Just Call Me Snoopy McNosy
Do you remember reading Harriet the Spy? I was a lot like her as a kid. That means that I was a sneaky little snoop. Harriet wasn’t exactly a busybody. She just liked to observe people in their unguarded moments and then chronicle their actions and reactions. I wasn’t quite as subtle. As a matter of fact, I was a right buttinski. I would see something interesting and instead of writing about it, I would report it to the gathering of matrons on my grandmother’s porch.
Most late afternoons, my grandmother and her older sister parked themselves on the porch with the pretense of having afternoon tea while really keeping an eagle eye out on the neighborhood. One by one, their contemporaries would arrive and the exchange of gossip gradually built up until the commentary became ridiculously vicious.
I liked to show up and toss them a bone to pick apart until nothing’s left of it but a couple of teeny shards. When I got a bit older, I realize that it wasn’t nice behavior so I stopped doing it and became more like Harriet. I still liked to poke my nose into people’s business, without them knowing it, and then use those bits of details in stories I made up in my head. Some found their way to paper, but many didn’t.
In my unofficial vocation as a nosy parker, I liked to take long walks around the neighborhood. Sometimes, I jogged but that got me sweaty and breaking out in hives. As I loitered around the neighborhood feigning physical fitness under the cover of twilight, I liked looking into houses and guessing what the people who lived in them were like. Often I was actually acquainted with them, so I liked to look to gain more insight into the kind of people they were.
Now, I’m wondering if I’m incriminating myself for some kind of lawsuit, admitting to this penchant for looking in from the outside. It’s not like I was a real peeping tom. When the windows are open and the lights inside are on, you can see things. That’s what I took advantage of. If I had been a career criminal, I would have probably enjoyed casing joints, but instead, I just went, “Oh, the Milanos have pretty wallpaper!” or “Kevin Kishi plays darts instead of doing his homework.”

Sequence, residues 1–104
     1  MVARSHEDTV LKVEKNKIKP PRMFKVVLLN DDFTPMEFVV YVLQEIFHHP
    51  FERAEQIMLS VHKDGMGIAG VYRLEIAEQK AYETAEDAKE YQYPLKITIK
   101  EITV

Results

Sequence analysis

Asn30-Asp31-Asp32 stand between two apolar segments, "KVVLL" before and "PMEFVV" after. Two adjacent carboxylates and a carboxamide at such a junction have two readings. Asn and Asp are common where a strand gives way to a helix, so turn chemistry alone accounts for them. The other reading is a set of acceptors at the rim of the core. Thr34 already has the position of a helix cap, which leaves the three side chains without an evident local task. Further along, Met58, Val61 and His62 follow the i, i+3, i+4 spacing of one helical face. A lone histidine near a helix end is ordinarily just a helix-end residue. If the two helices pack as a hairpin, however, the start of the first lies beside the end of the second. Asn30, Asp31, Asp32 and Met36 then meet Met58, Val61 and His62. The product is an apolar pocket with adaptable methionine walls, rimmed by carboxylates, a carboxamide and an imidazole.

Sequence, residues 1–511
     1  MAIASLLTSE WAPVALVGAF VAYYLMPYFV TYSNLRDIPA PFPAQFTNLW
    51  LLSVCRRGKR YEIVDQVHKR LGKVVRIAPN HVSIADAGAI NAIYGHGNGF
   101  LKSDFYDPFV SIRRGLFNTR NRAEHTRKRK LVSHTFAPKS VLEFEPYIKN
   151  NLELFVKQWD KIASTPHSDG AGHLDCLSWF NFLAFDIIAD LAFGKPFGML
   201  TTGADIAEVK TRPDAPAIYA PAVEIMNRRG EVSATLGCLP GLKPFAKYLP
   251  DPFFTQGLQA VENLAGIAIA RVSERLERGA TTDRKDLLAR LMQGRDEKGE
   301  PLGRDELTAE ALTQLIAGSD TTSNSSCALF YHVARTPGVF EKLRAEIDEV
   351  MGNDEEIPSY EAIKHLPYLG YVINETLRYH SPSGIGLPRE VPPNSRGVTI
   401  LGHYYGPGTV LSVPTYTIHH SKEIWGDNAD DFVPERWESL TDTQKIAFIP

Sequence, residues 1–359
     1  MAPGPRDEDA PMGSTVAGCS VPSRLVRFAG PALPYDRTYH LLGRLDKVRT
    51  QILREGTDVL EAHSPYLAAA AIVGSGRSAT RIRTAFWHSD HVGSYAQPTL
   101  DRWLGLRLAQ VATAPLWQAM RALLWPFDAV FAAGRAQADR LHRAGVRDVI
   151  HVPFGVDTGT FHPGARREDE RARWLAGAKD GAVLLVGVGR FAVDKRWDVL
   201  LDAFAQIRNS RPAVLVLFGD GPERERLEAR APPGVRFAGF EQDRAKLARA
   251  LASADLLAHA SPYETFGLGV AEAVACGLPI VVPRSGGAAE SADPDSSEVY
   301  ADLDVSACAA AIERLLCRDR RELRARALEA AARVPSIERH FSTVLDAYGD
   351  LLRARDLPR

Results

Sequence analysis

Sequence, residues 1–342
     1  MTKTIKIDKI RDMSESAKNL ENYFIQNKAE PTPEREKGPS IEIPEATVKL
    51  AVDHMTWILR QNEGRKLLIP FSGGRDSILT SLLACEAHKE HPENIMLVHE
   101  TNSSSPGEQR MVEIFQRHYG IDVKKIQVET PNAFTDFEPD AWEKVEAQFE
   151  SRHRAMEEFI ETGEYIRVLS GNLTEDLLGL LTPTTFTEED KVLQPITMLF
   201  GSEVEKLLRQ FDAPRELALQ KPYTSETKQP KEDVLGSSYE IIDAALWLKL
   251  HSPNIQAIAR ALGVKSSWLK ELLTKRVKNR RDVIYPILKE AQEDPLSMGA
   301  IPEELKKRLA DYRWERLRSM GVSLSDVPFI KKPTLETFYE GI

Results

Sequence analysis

That was during my youth, a time when I had hours (hours, man!) free to lie around reading books or stroll around the neighborhood, snooping into people’s business. These days when I find myself in between tasks, I still can’t get a few minutes to myself, which only ever come in the form of bathroom breaks. I only ask my daughter to watch her brothers when I have chores that need to get done. I don’t do it so I can go off and take a nap or soak in a relaxing bath. My husband, on the other hand, is good enough to watch the kids long enough so I can zip in and out of the bathroom. Sometimes, when I’m almost hysterical with the weight of all my unfinished tasks, he would grudgingly agree to take a nap with his arm around the baby while the baby watches something on his phone.
My gosh, I need to talk to somebody about all this resentment. I’ve noticed that certain issues keep on rearing up their ugly heads in my Medium articles.
Anyway, these days, when I’m in between tasks, I bring the baby to the balcony and watch the people and cars passing by. If I’m lucky to score a quiet moment when the baby is sleeping (this is rarer than a blue moon as I’m always raring to get to some other task as soon as I get the baby to sleep), I get on our Life Fitness 95T Inspire treadmill and do my run or walk while looking out the window.
I’m still nosy. I still like to find out about people. I still make up stories in my mind. I just do everything from the inside looking out this time.